After a glorious peek into the Wall, episode 8 comes with a full-blown crescendo/carnage/dramatic climax. And with this, we bid goodbye to Solar Opposites, Season 1. From what we hear, HULU has a two-season deal with Justin and McMahan. We are pretty sure Solar Opposites is going to come back again next season. The previous episode was full of how community and lives are organized within this Wall of shrunken humans. There’s everything from jibes on AT&T CEO milkman-mouse, Christina Hendricks, and Kramer with his yada, yada, yada drop. Of all the shrunken humans, we weren’t surprised to find Kramer there. Since he was one of the insolent members of the community and so are the others who are trapped inside the wall.
Now that we’ve come to an end of the brilliant Solar Opposites, we felt a little insight into the origins of the Wall won’t go to waste. The Wall is inspired by Roiland’s idea, back when he was working on SolaR Opposites with McMahan. Roiland said that the break between seasons 1 and 2 gave him the time to think about his upcoming project. And the inclusion of the wall as a central part of the story was derived from looking into kids’ wall, which sort of looked like a shelter. And that’s when Justin decided to incorporate it as Jesse and Yumyulack’s wall. While some of us took it for a sub-plot not so important, it soon turned into the most important of all plots in the series. And the brilliant 7th episode was all about it. The wall has been wrapped up in the previous episode, it did get its finale ending. The unfinished business of season 1 was dealt in this finale episode, ‘Retrace-Your-Step-Alizer’.
So, what happened to Terry, Korvo, Jesse, and Yumyulack? A little disappointed there, to be very honest. Not much happened in the name of their character arcs, except tiny bit plot alterations did some things to their stories. The season, however, was conspicuous by character arc developments. Maybe the whole idea is to show the aliens developed later in the future, by which we mean season 2 of Solar Opposites. It’s only their first season on the Earth, so let’s just cut them some slack in the name of character development, everybody. All four of the aliens are seen in the same shape as they were seen before. The shirker, the goof, the jerk, and the human-trapping jerk. Yeah, the topics touched were brilliant such as the one around gender, one around Nazism and racism, and some really fantastic pop culture education/teaching gags. Such as teaching and Robbin Williams from Dead Poets Society and as Michelle Pfieffer from Dangerous Minds.
The end of the season bid us goodbye with Jesse, Yumyulack, Korvo, and Terry looking like the same stupid who rested on their sci-fi hijinks more than anything. This sci-fi/alien technology is their last (and first) resort. They have no resorts at all. So far this post may look like it is a review of Solar Opposites as a show on the whole and not just season 1. The reason behind it is that ‘Retrace-Your-Step-Alizer’ does very little to look like a season finale. Last time we criticized an episode that much was when we reviewed the fifth episode. This one’s no different.
The brilliance of episode 7 is completely overshadowed by the dumbness of this episode. And we are sad to call it the finale. If it were an interactive series, we’d have wished for the outcome of episode 7 to be the outcome of episode 8. But that wasn’t up to us, so yeah.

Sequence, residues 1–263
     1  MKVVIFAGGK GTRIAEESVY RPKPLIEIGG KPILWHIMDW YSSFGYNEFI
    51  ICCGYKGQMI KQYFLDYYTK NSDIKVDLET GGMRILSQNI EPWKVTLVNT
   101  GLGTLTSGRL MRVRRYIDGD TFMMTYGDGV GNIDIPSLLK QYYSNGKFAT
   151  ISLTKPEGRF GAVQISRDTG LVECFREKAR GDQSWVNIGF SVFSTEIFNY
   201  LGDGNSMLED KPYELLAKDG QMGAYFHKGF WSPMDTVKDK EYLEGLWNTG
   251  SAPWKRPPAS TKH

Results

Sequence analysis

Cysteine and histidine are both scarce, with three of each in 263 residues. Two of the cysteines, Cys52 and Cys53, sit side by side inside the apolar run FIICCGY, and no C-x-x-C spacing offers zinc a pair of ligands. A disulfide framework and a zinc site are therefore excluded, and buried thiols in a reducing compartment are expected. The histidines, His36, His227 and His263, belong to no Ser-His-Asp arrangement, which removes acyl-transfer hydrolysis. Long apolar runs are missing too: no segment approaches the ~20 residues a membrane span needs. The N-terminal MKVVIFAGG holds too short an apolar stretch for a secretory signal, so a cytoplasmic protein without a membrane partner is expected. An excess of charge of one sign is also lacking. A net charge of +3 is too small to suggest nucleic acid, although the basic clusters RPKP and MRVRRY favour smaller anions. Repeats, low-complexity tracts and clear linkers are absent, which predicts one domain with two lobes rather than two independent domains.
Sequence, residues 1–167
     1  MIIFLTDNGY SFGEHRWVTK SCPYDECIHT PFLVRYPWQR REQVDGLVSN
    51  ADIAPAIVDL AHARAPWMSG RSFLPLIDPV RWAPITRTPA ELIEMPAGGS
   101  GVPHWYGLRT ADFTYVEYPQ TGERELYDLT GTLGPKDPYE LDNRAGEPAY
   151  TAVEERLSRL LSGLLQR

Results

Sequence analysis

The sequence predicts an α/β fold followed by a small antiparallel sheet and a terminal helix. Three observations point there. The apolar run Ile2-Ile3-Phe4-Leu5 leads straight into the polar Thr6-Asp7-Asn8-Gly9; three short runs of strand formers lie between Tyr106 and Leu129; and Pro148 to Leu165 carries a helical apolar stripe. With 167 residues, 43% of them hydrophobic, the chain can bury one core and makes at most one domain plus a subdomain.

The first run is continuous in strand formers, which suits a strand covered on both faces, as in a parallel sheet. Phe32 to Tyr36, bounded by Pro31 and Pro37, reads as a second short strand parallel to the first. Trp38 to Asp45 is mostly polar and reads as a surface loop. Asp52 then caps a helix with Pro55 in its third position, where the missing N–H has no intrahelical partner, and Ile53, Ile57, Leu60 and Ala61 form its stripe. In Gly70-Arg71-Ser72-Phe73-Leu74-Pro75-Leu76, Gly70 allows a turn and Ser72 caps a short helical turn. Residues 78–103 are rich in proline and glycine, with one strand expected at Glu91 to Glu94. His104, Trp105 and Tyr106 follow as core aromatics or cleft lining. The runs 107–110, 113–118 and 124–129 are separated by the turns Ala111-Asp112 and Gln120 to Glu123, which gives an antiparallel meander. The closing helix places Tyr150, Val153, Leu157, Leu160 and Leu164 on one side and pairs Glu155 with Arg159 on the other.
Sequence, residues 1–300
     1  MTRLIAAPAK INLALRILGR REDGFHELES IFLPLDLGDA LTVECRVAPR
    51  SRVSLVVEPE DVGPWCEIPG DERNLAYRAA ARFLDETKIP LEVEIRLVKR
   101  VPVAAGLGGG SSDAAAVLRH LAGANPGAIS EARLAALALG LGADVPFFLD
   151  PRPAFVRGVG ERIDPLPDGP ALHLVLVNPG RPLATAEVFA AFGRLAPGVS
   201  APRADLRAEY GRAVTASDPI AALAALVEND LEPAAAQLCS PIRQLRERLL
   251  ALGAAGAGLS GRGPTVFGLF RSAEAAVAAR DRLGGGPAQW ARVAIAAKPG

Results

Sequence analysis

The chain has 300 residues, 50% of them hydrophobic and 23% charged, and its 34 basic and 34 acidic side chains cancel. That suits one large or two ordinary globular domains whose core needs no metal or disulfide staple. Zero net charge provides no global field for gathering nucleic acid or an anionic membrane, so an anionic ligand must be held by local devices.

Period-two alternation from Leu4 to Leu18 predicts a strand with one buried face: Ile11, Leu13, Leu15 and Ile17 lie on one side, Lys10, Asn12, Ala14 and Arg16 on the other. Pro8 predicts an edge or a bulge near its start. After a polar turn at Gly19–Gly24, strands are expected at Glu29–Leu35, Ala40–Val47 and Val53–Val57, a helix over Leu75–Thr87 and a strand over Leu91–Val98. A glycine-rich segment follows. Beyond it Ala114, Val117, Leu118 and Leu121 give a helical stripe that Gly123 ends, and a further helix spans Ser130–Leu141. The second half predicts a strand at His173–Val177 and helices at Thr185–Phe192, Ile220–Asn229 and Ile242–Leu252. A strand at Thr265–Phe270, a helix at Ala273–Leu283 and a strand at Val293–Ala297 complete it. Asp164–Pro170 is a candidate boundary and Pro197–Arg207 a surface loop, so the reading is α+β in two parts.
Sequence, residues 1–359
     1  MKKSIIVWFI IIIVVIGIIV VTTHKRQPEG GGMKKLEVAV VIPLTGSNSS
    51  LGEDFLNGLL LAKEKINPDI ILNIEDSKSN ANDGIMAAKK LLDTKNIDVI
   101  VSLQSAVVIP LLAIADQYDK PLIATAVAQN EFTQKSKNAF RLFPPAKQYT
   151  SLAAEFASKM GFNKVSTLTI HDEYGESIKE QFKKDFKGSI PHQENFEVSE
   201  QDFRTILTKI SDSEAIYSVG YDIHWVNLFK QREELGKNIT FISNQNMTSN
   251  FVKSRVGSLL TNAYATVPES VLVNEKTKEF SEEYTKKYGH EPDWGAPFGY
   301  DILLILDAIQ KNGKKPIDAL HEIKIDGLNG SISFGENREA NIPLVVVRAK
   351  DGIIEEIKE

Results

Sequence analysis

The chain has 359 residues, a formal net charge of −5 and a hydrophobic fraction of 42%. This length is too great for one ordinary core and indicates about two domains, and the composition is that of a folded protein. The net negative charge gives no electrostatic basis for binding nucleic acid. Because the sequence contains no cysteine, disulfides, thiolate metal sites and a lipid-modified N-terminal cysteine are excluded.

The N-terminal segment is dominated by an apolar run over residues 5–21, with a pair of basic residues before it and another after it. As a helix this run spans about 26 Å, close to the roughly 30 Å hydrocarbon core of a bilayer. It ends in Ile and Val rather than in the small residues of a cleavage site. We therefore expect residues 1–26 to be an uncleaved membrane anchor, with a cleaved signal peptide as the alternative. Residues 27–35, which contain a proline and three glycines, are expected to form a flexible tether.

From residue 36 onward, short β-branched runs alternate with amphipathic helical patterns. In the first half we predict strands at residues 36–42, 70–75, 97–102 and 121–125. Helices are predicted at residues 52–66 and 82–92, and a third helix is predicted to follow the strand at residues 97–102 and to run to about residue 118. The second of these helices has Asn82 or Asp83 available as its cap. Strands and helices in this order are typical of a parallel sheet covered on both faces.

In the season finale, Terry and Korvo traveled back in time to save an alien Vanbo (voiced by Jason Mantzoukas). This was the time when Terry and Korvo met for the first time, to tweak events so Vanbo ends safely on Earth. It’s not an easy task, it is Terry and Korvo, after all. They bicker like no other and eventually they make up for their stupidities. It is a mellow throwback to Terry and Korvo’s past when they recall all the amazing times they had and the brilliant things that they did. One of these is teaming up with the yellow-skinned cartoons, The Simpsons to defeat basketball Monsters.
The finale is sandwiched somewhere between The Simpsons and Space Jam. In the finale, the family of aliens teamed up with the Simpsons to defeat the Monstars from the 1996 Michael Jordan movie Space Jam. What did we tell you about the lovable pop-culture gags in this one! This was a flashback though, in which Terry, Korvo, Jesse, and Yumyulack ganged up against the Space Jam villains. With that, we can proudly say that Solar Opposites now shares the universe with Space Jam and The Simpsons.
As epic as that crossover was, the finale yet again was about green-blue aliens cracking dumb jokes. So obviously we see Vanbo as a part of their history. But here’s where the plot twist takes place. It is revealed that all of these matches and the crossovers never really took place because everything happened on Pretend-O-Deck–the equivalent of Star Trek‘s Holodeck ship. Therefore the crossover and the rest are not a part of the show either.
For those of you living under a rock, who haven’t had the chance to go throughout whole Solar Opposites coverage, we shall end this marathon with a brief review of what HULU’s top-streaming series was all about. Well, there’s a family of asexual aliens who have replicant children. They crash-landed on Earth after their home planet, Shlorp, blew up. The show is majorly violent and crass, there are necrophilia jokes, nazi jokes, genitalia jokes. But most of the humor is derived not from gagging pop culture or making dumb jokes but by wreaking havoc on Earth by their sci-fi hijinks. This affects their surroundings and sometimes the whole area. It’s not always inadvertent, sometimes it is deliberate as well.